This paper explores the topic of children and how violence affects their behavior, the implications of data and research from various scholarly articles, and how the issue of violence is to be effectively dealt with in various aspects such as with the media and in domestic disputes. The articles used are all very similar in terms of addressing the various issues of violence. Each article has a centralized focus on children, adolescents, and presents correlational data and research that can be attributed to today’s clinical and practical approaches to assessing the influence of violence on children and adolescents. In addition, this paper will also focus on the societal implications that research suggests and how we will be better able to not just cope, but to effectively move society towards an era of social acceptance.
Keywords: Violence, Psychopathology, Behavior, Mental Health
Violence and Risk For many, violence is an issue that is ever-present within society on a global scale. It is because of a multitude of variables such as media violence and domestic violence, that generalized violence will be extremely prevalent in the future of younger generations making them not only the victims of today, but also the victims of tomorrow. Through the analysis and understanding of the variables that affect personality and social behavior of children, adolescents, and adults, any conclusions or implications for future prevention can be discerned and acted upon. In order to fully understand the concept of how, when, and where violence exposure takes place, the demographics of victims and perpetrators must be examined. Research has found that a high percentage of victimization and witnessing of violence occurs in urban areas, in fact, it was discovered that 80-90% of adolescents living in urban areas where poverty was common, reported that they were either a direct victim or a witness to violence within their community (Tummala-Narra, Li, Liu, & Wang, 2014, p. 8). This percentage is alarming because there are many countries that have a high concentration of their population in urban areas, which means that there is a higher risk of violence exposure at a younger age. In the New York-Metropolitan Area, there are approximately twenty-three million people, which is 14% of the population of the United States. That number on its own should be a warning especially since there is a “lack of research promoting protective and preventative measures for violence in social settings such as at home, in communities, and at school” (Tummala-Narra, Li, Liu, & Wang, 2014, p. 8). In essence, the research (and lack of) Tummala-Narra and her colleagues conducted should be seen as a call for action unless society wants to have to address an issue that could be prevented or made more aware of in order to decrease risk factors attributed to poor mental health. According to Tummala-Narra et al. (2014, p. 8-9), “ . . . both direct victimization and witnessing violence are associated with a wide range of mental health problems, including posttraumatic stress, depressive symptoms, anxiety, suicidal behavior, substance use, and aggression toward others among adolescents.” Being a victim and a witness both can lead to various complications and the fact that adolescents can be extremely susceptible should be alarming. If the youth of tomorrow is impacted by a lack of seriousness taken towards research involving violence, then there is no one to blame except those who are not willing to educate others by raising awareness and encouraging others to take a stand.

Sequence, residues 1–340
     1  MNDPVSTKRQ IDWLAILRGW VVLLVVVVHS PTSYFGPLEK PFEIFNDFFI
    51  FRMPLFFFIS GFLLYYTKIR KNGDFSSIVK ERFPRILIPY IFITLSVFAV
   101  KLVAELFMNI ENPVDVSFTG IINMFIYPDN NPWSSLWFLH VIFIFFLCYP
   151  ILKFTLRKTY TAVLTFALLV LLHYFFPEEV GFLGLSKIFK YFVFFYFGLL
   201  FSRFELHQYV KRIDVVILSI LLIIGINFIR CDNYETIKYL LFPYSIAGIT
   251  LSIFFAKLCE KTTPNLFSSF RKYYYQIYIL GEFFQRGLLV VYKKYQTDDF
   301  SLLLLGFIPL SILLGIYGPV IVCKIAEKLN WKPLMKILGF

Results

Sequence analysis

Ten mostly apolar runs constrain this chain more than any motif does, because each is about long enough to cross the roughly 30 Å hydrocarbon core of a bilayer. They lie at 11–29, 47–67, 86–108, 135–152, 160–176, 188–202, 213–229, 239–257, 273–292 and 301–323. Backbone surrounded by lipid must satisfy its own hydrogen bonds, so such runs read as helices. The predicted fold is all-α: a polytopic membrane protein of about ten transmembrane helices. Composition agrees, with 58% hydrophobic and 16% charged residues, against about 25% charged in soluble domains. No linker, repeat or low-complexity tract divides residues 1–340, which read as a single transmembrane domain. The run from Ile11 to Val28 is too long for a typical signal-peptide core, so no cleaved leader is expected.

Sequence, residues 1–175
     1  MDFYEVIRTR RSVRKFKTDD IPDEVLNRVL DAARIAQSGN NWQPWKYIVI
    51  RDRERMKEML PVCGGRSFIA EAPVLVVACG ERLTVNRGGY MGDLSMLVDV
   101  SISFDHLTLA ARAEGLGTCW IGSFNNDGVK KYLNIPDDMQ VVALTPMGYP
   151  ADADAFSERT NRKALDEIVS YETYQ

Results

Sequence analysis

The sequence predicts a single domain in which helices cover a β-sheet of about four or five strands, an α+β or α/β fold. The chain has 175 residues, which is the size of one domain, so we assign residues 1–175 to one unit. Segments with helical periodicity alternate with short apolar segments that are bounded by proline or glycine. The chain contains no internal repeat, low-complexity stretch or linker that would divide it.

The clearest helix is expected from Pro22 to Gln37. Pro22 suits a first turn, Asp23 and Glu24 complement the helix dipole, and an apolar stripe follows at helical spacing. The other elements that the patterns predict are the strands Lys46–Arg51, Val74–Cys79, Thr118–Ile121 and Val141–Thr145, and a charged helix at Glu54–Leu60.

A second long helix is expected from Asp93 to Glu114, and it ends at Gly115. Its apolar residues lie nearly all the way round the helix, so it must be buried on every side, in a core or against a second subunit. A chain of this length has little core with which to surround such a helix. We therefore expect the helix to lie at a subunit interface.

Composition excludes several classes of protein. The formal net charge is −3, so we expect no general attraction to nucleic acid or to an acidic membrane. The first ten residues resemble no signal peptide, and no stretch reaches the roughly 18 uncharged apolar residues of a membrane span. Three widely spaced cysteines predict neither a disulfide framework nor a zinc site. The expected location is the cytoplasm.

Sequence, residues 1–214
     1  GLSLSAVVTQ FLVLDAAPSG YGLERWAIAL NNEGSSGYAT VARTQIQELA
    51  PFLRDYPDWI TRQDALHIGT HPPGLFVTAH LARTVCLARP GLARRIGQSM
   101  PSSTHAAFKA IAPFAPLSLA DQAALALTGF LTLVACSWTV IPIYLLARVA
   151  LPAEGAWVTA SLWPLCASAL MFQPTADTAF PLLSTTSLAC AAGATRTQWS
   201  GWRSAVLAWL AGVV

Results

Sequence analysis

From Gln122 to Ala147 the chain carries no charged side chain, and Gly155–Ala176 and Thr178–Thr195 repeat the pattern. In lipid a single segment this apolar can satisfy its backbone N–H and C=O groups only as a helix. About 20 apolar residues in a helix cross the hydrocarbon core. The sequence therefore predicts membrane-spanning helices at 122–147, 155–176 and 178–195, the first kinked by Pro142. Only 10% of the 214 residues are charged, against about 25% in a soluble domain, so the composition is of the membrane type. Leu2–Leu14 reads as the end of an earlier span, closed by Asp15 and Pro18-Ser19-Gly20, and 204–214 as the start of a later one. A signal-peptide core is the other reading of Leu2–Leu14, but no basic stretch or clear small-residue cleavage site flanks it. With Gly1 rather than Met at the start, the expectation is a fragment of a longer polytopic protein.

While various research studies have been focused on adolescents, the Center for Disease Control and Prevention (CDC) has put in extensive research into children and how adverse childhood experiences (ACE) affects their behavioral development through their ACE Study. The report states that: